>      expected_time = ram_save_remaining() * TARGET_PAGE_SIZE / bwidth;
>  
> -    return (stage == 2) && (expected_time <= migrate_max_downtime());
> +    return (stage == 2) && ((expected_time <= migrate_max_downtime())
> +            || (blocks_transferred > ram_blocks_total() * max_factor));
>  }
>  
>  static inline void *host_from_stream_offset(QEMUFile *f,
>
Wen Congyang - Nov. 22, 2010, 2:25 a.m.
At 2010年11月20日 10:23, Anthony Liguori Write:
> On 11/17/2010 08:32 PM, Wen Congyang wrote:
>> When the total sent page size is larger than max_factor
>> times of the size of guest OS's memory, stop the
>> iteration.
>> The default value of max_factor is 3.
>>
>> This is similar to XEN.
>>
>>
>> Signed-off-by: Wen Congyang
>>   
> 
> I'm strongly opposed to doing this. I think Xen gets this totally wrong.
> 
> Migration is a contract. When you set the stop time, you're saying that
> you want only want the guest to experience a fixed amount of downtime.
> Stopping the guest after some arbitrary number of iterations makes the
> downtime non-deterministic. With a very large guest, this could wreak
> havoc causing dropped networking connections, etc.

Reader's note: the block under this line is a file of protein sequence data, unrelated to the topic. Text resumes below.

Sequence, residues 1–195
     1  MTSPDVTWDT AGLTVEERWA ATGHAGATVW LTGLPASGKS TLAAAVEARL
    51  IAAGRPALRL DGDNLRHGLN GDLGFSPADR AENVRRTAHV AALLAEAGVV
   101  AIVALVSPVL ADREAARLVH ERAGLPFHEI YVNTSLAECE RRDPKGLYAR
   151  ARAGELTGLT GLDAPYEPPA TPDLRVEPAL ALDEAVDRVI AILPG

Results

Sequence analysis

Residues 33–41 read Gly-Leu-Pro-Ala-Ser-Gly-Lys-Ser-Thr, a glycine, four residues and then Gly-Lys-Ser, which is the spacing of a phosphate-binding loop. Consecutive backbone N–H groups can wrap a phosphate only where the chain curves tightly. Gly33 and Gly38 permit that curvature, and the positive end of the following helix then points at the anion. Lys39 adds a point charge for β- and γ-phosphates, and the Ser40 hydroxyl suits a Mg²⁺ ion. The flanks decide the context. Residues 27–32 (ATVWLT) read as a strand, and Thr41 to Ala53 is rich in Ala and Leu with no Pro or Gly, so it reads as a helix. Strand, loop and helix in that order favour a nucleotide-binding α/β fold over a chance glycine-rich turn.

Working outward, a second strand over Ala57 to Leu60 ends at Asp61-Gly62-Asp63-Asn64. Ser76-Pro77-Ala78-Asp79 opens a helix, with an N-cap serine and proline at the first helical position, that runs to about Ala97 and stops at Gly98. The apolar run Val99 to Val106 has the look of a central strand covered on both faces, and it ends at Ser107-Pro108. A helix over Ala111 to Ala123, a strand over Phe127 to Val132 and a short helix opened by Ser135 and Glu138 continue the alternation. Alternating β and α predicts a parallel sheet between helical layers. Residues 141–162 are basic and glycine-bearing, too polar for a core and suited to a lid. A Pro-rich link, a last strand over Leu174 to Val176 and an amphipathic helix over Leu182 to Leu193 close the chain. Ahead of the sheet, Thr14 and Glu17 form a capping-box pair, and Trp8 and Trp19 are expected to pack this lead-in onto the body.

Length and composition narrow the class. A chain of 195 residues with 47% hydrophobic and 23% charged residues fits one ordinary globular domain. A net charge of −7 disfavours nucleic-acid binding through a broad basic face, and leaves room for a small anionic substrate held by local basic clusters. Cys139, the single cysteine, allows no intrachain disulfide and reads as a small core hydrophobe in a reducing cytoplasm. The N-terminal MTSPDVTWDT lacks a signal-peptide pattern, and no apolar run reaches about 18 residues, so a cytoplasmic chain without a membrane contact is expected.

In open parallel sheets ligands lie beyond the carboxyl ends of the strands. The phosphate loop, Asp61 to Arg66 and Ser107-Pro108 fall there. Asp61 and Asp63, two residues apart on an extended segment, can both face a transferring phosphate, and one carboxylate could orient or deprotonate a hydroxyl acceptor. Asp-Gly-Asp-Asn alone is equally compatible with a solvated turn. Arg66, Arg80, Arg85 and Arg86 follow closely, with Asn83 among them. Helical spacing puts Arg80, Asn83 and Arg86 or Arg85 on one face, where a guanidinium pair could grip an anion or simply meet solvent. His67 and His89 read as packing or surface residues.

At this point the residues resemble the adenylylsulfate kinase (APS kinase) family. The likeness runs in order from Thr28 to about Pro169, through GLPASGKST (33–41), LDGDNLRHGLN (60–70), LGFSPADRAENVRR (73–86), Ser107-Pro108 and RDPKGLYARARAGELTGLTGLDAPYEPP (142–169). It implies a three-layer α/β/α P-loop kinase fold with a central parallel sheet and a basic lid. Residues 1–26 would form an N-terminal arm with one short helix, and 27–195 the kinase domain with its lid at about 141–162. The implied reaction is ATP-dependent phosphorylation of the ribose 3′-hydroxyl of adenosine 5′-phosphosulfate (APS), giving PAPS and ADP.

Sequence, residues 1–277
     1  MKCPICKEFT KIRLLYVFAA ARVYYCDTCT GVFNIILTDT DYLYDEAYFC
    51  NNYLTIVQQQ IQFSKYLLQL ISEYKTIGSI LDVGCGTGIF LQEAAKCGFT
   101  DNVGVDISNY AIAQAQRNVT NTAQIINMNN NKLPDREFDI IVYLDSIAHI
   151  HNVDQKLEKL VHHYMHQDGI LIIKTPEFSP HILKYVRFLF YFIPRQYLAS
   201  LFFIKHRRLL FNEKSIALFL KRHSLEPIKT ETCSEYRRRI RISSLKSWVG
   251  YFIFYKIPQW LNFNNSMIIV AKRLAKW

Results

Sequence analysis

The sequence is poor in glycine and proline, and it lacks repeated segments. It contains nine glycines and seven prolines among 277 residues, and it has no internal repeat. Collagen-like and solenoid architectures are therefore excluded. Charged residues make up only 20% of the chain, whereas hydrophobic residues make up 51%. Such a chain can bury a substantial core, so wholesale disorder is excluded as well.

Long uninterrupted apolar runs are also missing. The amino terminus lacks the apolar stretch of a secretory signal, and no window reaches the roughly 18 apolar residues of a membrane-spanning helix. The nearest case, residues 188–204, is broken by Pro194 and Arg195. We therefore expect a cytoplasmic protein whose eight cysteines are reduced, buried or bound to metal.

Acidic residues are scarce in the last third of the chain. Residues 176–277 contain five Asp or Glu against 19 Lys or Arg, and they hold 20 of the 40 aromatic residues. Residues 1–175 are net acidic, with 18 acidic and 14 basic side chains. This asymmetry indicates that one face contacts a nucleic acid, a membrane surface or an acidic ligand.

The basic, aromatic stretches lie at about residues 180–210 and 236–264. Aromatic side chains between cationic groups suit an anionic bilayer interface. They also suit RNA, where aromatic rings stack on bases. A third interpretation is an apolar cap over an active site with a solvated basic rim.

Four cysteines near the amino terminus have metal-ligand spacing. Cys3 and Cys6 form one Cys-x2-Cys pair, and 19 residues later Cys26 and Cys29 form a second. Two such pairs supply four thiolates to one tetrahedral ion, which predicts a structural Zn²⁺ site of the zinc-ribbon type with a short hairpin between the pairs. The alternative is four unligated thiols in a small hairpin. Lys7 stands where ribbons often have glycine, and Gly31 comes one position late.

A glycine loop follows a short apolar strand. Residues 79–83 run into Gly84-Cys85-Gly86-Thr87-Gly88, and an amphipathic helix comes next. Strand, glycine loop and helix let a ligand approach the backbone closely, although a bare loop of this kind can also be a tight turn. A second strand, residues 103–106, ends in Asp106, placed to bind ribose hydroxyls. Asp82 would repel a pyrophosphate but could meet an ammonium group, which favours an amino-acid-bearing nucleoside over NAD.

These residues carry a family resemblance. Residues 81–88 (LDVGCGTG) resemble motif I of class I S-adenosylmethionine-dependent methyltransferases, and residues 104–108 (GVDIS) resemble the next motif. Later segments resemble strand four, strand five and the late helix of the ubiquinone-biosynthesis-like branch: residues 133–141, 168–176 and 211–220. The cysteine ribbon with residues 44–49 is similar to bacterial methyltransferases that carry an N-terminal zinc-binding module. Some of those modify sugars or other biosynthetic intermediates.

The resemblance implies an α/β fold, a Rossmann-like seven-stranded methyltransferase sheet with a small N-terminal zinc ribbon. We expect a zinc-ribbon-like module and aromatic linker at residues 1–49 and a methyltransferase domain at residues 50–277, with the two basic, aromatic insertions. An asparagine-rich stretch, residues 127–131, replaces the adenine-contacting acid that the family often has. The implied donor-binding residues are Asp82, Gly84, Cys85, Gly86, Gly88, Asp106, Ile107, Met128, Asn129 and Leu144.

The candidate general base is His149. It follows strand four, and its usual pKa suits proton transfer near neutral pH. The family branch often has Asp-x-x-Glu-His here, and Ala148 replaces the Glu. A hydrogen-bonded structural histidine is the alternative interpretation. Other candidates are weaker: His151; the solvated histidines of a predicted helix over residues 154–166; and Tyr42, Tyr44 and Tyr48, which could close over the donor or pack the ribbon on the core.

> 

Thanks for your comment.
As a developer, I know the downtime.
But as a user, he does not know the downtime.
When he migrates a very large guest lively without setting the stop time,
he does not say "I want the guest to experience a fixed amount of downtime",
he only wants to migrate the guest in a short time, the migration should
be done during some minutes, not ever for ever.

If we set the stop time too larger, this could also wreak havoc causing
dropped networking connections, etc.

I think we can do it as the following:
1. If the user does not set the stop time, we should complete the
   migration in a short time.
2. If the user sets the stop time, we do it as now.


> It's totally unsafe.
> 
> If a management tool wants this behavior, they can set a timeout and
> explicitly stop the guest during the live migration. IMHO, such a
> management tool is not doing it's job properly but it still can be
> implemented.
> 
> Regards,
> 
> Anthony Liguori
>
KAMEZAWA Hiroyuki - Nov. 22, 2010, 7:11 a.m.
On Fri, 19 Nov 2010 20:23:55 -0600
Anthony Liguori <anthony@codemonkey.ws> wrote:

> On 11/17/2010 08:32 PM, Wen Congyang wrote:
> > When the total sent page size is larger than max_factor
> > times of the size of guest OS's memory, stop the
> > iteration.
> > The default value of max_factor is 3.
> >
> > This is similar to XEN.
> >
> >
> > Signed-off-by: Wen Congyang
> >   
> 
> I'm strongly opposed to doing this. I think Xen gets this totally wrong.
> 
> Migration is a contract. When you set the stop time, you're saying that
> you want only want the guest to experience a fixed amount of downtime.
> Stopping the guest after some arbitrary number of iterations makes the
> downtime non-deterministic. With a very large guest, this could wreak
> havoc causing dropped networking connections, etc.